Lufthansa Tests Environmental Tariff in Scandinavia

Under the name “Green fare”, the group is testing a tariff that includes CO2 compensation in the fare. For this purpose, Shell is to supply Lufthansa with synthetic kerosene.

Frankfurt The Lufthansa Group is testing a new ticket tariff on the Scandinavian market, which is intended to benefit the environment. In addition to the classic tariffs Light, Classic and Flex, a so-called “green tariff” has also appeared in the booking process for European flights from Norway, Sweden and Denmark since Tuesday, as the group announced in Frankfurt. This makes it the first international aviation group to offer something of this kind.

With the “Green fare” ticket, customers automatically acquire a CO2 offset, 20 percent of which is achieved through fuels produced sustainably from leftovers (SAF) and 80 percent with climate protection projects. The new tariff can be booked in both economy and business class.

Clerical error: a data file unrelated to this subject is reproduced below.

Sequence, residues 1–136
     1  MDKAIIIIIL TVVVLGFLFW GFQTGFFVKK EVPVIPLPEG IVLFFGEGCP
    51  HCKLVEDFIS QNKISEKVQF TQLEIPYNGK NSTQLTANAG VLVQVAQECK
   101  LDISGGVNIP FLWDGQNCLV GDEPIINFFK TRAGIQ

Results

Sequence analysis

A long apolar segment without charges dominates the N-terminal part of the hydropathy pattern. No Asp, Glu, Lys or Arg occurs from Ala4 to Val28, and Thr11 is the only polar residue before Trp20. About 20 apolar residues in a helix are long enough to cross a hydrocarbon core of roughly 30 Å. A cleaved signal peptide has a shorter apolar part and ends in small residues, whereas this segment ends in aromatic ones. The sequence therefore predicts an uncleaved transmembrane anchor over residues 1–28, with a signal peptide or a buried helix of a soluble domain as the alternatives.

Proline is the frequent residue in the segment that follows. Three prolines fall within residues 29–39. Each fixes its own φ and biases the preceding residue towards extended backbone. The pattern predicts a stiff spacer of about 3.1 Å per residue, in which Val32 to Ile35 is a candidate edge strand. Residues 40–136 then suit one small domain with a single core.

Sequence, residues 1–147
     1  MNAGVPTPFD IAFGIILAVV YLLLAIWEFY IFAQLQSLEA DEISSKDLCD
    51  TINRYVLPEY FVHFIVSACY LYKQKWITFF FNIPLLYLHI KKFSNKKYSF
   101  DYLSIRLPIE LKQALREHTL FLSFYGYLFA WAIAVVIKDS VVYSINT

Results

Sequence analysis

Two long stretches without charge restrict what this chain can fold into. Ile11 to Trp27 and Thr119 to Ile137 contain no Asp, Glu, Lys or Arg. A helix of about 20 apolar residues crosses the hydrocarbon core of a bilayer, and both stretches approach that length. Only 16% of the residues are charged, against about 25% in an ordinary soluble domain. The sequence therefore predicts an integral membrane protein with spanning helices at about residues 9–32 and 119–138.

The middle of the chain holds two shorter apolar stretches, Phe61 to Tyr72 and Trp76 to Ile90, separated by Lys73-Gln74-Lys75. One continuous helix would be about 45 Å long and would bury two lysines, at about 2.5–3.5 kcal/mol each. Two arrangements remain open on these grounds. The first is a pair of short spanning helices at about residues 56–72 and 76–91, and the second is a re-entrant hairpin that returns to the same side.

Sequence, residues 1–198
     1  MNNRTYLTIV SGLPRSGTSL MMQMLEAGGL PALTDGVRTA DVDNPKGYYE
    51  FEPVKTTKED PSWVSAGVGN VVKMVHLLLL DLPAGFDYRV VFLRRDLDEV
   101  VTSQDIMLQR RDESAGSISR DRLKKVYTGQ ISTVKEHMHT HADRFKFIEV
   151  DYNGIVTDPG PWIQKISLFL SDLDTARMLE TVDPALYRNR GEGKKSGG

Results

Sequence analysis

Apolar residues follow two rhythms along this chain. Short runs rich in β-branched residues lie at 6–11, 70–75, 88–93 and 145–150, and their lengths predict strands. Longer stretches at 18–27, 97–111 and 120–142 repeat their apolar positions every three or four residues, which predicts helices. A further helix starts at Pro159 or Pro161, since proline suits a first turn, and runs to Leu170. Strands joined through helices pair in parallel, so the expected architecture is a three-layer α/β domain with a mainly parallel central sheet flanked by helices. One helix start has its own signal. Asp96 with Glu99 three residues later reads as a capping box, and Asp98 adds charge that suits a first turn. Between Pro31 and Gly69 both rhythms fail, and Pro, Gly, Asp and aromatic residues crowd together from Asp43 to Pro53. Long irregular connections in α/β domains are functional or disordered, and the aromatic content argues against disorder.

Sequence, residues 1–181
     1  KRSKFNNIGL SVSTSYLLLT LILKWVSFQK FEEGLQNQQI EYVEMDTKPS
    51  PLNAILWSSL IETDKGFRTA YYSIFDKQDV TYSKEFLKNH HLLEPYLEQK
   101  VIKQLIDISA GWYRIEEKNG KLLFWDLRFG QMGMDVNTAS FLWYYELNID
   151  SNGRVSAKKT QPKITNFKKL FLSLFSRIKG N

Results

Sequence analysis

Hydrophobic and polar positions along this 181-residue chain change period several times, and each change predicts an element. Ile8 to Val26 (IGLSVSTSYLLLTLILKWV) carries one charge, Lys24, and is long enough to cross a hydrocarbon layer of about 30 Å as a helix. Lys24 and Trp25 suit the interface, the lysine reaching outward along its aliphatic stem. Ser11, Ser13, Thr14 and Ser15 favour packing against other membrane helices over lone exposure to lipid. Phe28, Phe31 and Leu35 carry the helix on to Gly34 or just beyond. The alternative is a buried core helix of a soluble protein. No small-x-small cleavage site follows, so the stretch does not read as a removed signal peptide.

Compensation of this kind in no way undoes the CO2 emissions of a flight and could even legitimize environmentally harmful behavior afterwards, critics argue. So far, SAF has only been available in small quantities. The EU is planning minimum quotas for blending with conventional kerosene. Lufthansa has signed a delivery contract with Shell for 1.8 million tons for the period 2024 to 2031.

In the other markets outside of Scandinavia, Lufthansa continues to make its customers a compensation offer at the end of the booking process. Via the “Compensaid” platform, passengers can choose between SAF, climate protection projects or a mixture of both at different prices.

With Lufthansa, corporate customers can reduce the climate impact of their employee flights across the board. In addition to the Lufthansa offer, there are other platforms where customers can at least mathematically offset the CO2 emissions of travel by making voluntary payments. In principle, customer demand for sustainable travel offers is increasing, Lufthansa reported.